A year ago, U.S. Trade Rep. Susan Schwab hailed the free trade agreement her office had just negotiated with South Korea as the “most commercially significant free trade agreement the United States has concluded in nearly 20 years.” The tech industry couldn’t have agreed more and came forth with an orgy of support for the deal.
Let’s hope they read the fine print.
“The agreement incorporates provisions of the bipartisan trade agreement reached with Congress on May 10 , and will safeguard workers’ right and environmental protections,” the USTR stated.
A year later, the South Korean government is showing little sign of respect for its workers’ rights while Congress dawdles over the free trade agreement. It seems that ROK President Lee Myung-bak is shutting down protest over his decision to resume importing U.S. beef. In 2003, South Korea banned American beef after a case of mad cow disease was detected in a U.S. herd.
South Koreans took to the streets — some violently — to protest U.S. beef imports and, really, who can really blame them for not believing the U.S. Food and Drug Administration that all is well with U.S. food inspection? If you have little faith in the quality of U.S. dog food, it stands to reason you might have some questions about the New York strips processed out of U.S. slaughterhouses.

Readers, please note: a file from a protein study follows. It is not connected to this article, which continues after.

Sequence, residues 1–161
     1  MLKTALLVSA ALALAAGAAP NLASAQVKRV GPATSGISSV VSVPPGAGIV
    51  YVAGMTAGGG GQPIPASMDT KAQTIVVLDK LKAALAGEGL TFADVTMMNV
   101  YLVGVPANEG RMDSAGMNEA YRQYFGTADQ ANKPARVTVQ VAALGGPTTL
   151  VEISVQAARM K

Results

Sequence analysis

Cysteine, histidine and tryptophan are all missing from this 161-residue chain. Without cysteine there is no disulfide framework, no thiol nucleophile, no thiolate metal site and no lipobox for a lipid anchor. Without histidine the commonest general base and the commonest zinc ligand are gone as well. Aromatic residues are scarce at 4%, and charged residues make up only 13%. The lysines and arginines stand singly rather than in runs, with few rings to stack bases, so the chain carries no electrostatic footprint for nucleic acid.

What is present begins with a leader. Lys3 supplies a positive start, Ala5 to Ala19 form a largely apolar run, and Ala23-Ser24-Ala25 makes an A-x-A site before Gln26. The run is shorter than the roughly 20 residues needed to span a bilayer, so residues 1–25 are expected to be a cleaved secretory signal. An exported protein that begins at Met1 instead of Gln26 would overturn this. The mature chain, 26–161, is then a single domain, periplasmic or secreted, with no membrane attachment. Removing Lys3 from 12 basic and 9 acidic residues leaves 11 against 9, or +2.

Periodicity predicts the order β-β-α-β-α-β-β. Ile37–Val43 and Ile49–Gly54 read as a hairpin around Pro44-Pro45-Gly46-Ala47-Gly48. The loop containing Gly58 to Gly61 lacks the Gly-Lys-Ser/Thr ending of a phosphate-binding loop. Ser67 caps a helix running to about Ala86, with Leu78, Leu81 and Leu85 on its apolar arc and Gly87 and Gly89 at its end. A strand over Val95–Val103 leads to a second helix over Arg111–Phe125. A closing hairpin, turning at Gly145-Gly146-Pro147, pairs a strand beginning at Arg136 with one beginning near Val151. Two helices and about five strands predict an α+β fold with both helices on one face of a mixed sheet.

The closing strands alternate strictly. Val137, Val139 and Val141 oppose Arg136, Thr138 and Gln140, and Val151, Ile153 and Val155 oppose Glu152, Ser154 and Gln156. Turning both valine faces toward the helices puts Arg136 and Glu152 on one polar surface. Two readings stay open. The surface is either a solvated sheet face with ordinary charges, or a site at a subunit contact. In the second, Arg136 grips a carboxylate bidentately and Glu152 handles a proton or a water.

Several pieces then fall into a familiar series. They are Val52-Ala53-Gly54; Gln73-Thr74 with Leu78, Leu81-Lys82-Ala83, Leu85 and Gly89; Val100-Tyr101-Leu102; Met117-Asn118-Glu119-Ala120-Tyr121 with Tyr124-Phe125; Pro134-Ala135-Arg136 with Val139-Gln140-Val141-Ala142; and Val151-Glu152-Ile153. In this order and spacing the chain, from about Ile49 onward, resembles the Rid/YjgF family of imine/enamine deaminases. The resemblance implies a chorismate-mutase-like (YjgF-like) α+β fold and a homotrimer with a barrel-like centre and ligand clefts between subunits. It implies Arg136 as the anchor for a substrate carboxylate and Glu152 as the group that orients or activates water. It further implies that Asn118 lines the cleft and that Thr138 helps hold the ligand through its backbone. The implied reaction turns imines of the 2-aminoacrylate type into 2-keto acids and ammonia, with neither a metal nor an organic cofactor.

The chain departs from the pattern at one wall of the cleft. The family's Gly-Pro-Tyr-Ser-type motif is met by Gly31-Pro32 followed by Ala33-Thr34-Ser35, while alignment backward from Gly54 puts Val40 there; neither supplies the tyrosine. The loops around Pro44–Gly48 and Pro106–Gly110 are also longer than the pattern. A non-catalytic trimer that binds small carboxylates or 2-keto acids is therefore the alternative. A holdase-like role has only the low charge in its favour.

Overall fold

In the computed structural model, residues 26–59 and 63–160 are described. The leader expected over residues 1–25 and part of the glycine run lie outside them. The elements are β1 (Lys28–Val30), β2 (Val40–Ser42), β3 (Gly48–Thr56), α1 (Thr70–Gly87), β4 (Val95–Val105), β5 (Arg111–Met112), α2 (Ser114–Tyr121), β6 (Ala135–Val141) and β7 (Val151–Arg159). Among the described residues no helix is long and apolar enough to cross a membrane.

South Korean citizens have a lot of questions about it. Crowds numbering up to 18,000 took to the streets of Seoul last weekend to again demand a renegotiation of the new meat deal. President Lee wants the protests stopped. Now. Think tear gas, clubs and rubber bullets.
In addition to rightly targeting illegal behavior, Lee added he would also stifle legal “rallies that challenge the state’s system.” Justice Minister Kim Kyung-han promised government investigations and prosecutions of ROK citizens who are organizing product protests of advertisers that place ads in newspapers critical of the protests.
Do Google, Intel, Microsoft and other tech titans really support doing business with this government? Does Congress want to play “Let’s make a deal” with a country that cracks heads over citizens’ concerns about the quality of the meat they eat? Of course they do. It’s a global economy. Nothing could be better for the U.S. IT industry than knocking down trade barriers while giving only lip service to worker rights.
Months ago, a Washington tech lobbyist touting the U.S.-Peruvian free trade agreement told me it was hard to generate much interest in the deal, which also is still awaiting lawmakers’ approval. However, she said, Peru had to be dealt with as part of the process leading up to “the big one, what we all want”: the South Korean FTA.
I suppose the fine print of the deal was a dead letter before the ink dried.